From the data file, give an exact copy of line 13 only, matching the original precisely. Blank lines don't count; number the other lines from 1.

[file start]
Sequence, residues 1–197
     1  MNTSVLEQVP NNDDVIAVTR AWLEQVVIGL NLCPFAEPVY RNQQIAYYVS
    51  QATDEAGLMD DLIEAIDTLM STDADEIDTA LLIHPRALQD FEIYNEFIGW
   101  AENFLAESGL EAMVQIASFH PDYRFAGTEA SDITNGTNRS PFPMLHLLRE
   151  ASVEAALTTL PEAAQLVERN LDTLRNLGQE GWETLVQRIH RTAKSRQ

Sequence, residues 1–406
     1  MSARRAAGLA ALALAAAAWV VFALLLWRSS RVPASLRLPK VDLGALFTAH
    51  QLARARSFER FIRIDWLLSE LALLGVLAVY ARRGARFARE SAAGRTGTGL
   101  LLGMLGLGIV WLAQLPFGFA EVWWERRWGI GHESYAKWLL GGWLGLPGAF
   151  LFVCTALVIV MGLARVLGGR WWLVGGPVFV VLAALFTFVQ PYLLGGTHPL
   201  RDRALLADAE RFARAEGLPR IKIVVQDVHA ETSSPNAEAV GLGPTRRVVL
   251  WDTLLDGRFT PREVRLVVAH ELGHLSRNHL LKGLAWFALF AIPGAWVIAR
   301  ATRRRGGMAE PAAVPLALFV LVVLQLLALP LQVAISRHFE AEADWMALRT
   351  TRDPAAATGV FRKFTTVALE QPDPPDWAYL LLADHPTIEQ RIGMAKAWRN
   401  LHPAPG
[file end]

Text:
   301  ATRRRGGMAE PAAVPLALFV LVVLQLLALP LQVAISRHFE AEADWMALRT